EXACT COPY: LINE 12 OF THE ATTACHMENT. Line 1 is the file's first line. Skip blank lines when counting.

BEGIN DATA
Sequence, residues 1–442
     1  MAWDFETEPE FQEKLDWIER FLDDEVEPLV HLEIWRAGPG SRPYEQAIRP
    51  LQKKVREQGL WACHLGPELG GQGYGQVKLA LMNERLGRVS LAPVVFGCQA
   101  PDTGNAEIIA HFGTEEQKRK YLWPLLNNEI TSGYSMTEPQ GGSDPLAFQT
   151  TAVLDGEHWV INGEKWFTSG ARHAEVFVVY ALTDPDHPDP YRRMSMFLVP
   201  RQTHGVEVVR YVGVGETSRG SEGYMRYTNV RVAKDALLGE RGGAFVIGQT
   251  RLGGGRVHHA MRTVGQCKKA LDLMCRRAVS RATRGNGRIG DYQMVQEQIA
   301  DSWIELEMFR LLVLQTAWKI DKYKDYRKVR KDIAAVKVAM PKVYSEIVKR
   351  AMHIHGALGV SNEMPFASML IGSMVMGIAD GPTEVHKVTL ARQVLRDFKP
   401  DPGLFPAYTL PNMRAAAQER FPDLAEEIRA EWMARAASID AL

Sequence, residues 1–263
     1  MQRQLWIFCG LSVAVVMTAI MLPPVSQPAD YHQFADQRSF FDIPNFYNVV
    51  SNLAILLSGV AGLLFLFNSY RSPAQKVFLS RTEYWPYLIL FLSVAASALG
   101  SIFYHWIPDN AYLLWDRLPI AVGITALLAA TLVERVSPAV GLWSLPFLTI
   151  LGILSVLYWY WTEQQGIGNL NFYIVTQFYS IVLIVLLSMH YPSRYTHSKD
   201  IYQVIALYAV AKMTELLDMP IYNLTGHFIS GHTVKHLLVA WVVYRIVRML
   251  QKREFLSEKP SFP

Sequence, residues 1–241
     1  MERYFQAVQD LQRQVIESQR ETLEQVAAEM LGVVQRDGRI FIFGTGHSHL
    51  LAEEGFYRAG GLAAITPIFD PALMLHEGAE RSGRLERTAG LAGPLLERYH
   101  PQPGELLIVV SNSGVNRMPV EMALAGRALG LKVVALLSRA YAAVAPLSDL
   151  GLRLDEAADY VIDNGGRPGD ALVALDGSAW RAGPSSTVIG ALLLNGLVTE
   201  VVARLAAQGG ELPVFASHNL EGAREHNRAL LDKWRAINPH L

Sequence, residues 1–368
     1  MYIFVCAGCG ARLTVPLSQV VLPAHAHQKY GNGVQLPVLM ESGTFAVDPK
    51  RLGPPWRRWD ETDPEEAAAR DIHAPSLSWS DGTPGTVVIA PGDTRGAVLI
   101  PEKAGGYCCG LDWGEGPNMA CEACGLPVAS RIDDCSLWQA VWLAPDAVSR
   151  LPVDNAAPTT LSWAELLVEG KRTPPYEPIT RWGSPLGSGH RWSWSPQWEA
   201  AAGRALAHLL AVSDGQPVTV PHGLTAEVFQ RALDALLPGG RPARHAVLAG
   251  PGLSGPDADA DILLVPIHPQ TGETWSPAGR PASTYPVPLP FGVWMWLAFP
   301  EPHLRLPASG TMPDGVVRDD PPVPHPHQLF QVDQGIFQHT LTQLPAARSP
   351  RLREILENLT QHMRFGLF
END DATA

     1  MQRQLWIFCG LSVAVVMTAI MLPPVSQPAD YHQFADQRSF FDIPNFYNVV